Thursday, 10 January 2013

Language Resolutions for the New Year

1. Read more novels and online magazines in French and Italian. So often I feel wretched that I am unable to understand literary texts, then I pick up a short novel like Amélie Nothomb's Stupeur et Tremblements, and quite suddenly, I feel far more relaxed about my language skills. Though a great book, Madame Bovary is hardly likely to in still me with such a sensation. Sure, I still didn't get EVERY word but I got the generally gist of what was going on, and managed to enjoy the book. Magazines which interest you in your native tongue may also prove good options in your target language. There is no point picking up an article in Swahili on the financial situation in Uganda if you wouldn't read it even in English. If you are learning you really need motivating material to make you want to continue reading. I need to follow this through also for Italian, my target books are Gli Indoeuropei e le origine dell'Europa and Alessandro Baricco's Oceano Mare. Watch this space.

2. Improve my listening skills. People keep telling me to listen to the radio. The conservation usually goes somewhat like this:

Me: I don't feel very confident with my listening skills.
Friend (another language learner): You should try listening to the radio.
Me: Do you do that? What do you listen to?
Friend: Umm no but I know it helps.

The problem with this well meant suggestion is that I don't listen to the radio in English. I sometimes find music or radio plays I really enjoy, though I never listen to it live. I do however watch some television programmes, films and the news.

What can I do then? The obvious answer would be to watch French and Italian television and movies, though when at home with my parents, I have no access to fast internet and there is no French or Italian channel. I have a few movies but for some bizarre reason, they only offer English subtitles. I need to buy some other language DVDs from Amazon FR/IT which offer French/Italian subtitles for the hard of hearing. I will continue to listen to my favourite Disney songs translated with lyrics, and find new songs. The next step would be to find Game of Thrones and Doctor who dubbed into French and Italian. That would definitely entice me, and it wouldn't really feel like studying after a few evenings straining to understand what they hell is being said.

3. Stop doing everything in English. If I need to find out a recipe, a review or general information on wikipedia I generally search on, in English. Imagine what I'd learn if I were to type "ricetta cantuccini" the next time that I fancied making biscuits. Not only would they be more cool and authentic, but I would be actively using and developing upon my language skills. Even if you are not where your target language is spoken, you can act as if you were.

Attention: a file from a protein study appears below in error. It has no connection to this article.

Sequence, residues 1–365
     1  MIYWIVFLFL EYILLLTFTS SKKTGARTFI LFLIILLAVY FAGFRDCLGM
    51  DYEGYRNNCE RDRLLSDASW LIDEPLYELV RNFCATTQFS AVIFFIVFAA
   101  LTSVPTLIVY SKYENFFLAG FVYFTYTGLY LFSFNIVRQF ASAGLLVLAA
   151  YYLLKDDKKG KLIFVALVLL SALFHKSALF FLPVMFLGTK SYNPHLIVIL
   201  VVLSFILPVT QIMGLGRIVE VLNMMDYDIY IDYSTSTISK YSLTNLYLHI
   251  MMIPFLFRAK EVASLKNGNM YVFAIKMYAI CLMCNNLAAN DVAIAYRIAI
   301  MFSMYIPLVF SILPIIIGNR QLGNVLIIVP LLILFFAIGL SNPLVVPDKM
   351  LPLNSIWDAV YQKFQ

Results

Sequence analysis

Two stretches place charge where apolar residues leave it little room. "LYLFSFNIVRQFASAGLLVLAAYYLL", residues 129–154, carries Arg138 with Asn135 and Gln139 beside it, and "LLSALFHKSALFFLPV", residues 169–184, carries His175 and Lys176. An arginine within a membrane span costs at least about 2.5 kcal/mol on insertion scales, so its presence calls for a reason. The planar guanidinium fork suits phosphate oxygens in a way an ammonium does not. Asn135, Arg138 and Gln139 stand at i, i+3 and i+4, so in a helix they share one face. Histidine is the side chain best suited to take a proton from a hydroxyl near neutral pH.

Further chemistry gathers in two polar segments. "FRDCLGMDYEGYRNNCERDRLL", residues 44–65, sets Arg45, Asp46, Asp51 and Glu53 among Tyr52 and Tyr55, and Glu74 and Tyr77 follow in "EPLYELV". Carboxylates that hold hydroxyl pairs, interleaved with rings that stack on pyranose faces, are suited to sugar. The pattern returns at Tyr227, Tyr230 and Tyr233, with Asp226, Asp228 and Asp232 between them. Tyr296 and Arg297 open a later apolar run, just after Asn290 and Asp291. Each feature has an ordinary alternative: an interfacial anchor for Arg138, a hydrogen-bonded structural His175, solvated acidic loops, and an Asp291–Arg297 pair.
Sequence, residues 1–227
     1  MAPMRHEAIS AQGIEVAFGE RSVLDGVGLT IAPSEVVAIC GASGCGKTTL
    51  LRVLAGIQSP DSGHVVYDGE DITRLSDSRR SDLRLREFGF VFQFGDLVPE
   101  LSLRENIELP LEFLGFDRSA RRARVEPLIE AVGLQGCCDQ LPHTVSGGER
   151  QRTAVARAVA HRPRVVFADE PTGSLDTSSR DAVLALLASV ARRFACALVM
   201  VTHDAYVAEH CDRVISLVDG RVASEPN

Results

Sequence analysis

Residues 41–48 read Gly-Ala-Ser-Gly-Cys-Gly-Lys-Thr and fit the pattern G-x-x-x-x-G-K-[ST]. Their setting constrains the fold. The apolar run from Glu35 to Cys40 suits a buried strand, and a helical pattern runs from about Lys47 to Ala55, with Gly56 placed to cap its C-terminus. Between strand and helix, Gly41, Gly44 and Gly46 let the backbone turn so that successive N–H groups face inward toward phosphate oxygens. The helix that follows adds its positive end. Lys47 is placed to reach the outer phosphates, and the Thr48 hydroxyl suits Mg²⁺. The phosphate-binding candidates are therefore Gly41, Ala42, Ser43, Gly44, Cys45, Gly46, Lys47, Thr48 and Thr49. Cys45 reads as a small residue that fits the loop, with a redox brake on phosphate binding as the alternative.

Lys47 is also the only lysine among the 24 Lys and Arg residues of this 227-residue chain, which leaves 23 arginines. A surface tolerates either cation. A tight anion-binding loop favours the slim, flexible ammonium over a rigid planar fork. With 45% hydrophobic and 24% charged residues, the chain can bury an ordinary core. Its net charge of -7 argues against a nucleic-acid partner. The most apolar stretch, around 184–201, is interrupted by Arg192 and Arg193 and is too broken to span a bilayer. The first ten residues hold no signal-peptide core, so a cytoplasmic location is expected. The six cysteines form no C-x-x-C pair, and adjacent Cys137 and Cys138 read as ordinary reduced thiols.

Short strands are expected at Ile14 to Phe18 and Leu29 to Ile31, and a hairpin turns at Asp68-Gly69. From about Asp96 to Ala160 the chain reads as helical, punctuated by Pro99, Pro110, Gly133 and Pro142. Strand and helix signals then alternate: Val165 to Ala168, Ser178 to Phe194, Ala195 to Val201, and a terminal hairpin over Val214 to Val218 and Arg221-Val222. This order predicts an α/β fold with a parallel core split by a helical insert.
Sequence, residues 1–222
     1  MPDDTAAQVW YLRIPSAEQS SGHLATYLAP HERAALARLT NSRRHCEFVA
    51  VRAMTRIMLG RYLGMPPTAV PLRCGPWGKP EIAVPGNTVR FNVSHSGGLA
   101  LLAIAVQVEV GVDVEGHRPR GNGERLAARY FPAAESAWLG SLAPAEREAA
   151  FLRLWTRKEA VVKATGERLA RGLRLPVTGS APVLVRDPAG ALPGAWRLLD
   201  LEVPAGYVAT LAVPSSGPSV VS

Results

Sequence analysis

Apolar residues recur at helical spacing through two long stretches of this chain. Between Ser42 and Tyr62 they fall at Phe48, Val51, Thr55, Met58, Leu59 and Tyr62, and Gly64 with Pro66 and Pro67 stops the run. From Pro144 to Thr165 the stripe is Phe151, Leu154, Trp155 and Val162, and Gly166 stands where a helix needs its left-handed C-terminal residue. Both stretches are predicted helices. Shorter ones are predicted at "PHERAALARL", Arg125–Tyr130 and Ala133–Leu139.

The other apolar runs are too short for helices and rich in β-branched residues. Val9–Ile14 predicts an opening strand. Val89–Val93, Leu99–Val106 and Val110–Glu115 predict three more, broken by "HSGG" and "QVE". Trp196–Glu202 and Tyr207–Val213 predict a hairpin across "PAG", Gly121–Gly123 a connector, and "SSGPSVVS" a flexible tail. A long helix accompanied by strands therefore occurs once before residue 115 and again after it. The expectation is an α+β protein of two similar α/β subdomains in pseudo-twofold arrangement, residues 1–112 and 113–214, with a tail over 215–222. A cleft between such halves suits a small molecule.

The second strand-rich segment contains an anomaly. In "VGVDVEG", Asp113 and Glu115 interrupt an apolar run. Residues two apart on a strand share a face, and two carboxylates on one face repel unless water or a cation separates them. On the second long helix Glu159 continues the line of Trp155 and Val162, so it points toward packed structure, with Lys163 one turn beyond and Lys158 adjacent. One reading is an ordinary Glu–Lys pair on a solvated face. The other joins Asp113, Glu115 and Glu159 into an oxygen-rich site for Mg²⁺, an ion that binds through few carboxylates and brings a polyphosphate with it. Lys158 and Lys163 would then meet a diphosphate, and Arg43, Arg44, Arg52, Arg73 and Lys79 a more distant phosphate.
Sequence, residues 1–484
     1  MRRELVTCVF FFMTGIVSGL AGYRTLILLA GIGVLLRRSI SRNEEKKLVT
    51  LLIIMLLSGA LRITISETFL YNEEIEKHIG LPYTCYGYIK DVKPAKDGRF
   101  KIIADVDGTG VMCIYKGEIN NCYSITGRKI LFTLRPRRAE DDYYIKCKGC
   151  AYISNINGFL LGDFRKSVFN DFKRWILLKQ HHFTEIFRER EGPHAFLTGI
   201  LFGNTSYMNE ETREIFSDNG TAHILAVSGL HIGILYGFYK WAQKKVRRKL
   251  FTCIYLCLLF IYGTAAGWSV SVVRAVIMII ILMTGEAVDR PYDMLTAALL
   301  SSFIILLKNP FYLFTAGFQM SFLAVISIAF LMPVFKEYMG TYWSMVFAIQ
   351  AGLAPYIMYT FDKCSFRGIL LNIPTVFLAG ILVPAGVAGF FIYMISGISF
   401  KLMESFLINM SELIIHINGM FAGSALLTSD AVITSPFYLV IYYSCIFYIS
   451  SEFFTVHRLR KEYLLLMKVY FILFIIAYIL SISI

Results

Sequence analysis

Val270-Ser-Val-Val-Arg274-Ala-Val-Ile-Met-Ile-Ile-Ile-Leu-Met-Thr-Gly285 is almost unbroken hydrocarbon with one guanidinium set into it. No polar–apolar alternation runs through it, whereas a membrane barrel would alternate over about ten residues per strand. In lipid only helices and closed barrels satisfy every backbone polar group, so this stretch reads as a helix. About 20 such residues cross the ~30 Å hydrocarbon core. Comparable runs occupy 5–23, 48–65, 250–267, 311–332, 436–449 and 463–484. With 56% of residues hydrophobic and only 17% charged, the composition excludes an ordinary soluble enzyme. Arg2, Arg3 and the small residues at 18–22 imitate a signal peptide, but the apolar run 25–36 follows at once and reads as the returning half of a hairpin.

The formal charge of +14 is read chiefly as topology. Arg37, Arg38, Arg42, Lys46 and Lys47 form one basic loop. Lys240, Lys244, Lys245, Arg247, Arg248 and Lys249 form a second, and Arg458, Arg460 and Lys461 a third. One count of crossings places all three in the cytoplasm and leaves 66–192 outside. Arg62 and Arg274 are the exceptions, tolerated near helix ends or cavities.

4. Grammar! I am not scared of it, I like reading about it, but geez, French inverted hypothetical senses give me a headache! I am not sure why, but when you know you find something difficult you shouldn't just avoid doing it. This semester I will resolve this problem, besides also trying to tackle certain Italian collocations.

5. Talk more. I keep telling myself I never have opportunities to speak. I live with an Italian guy, yet I hardly ever debate or tackle complicated issues in the language. I really should. I should also make more use of and tandem, as speaking with natives is a really good way to become fluent in your target language. If I miss an opportunity, I should discuss things in my head. I.e. Bonjour monde! ça va? Est-ce que tu pense que je devrais sortir ce matin? Ou devrais-je rester au lit pendant tout le matin, je devrais me bouger seulement quand j'ai faim, et puis j'aurai la possibilité de faire des crepes pour le petite-déjeuner! Miam! J'adore des crepes! Even speaking with yourself keeps the language alive.

6. Take extra classes in French. I will not lie to myself, sometimes learning to languages side by side more or less from scratch involves a lot of stress. I feel inferior to the advanced students in my French class, I feel there is an infinitive list of idioms and new vocabulary to learn in both languages. It is not wrong to seek extra help from elsewhere. The French institute is quite far away, but offers reductions for University students, so that may be a worthwhile option.

7. Don't restrict the knowledge input. Studying two languages and linguistics, it is easy to think it impossible to study anything else at the same time. That would be a shame, considering I not only want to learn to play an instrument but also would love to learn Chinese Mandarin and Brazilian Portuguese. I may just buy myself a basic grammar and start learning as a non-academic, non-stressful, and enriching hobby.

Watch this space.

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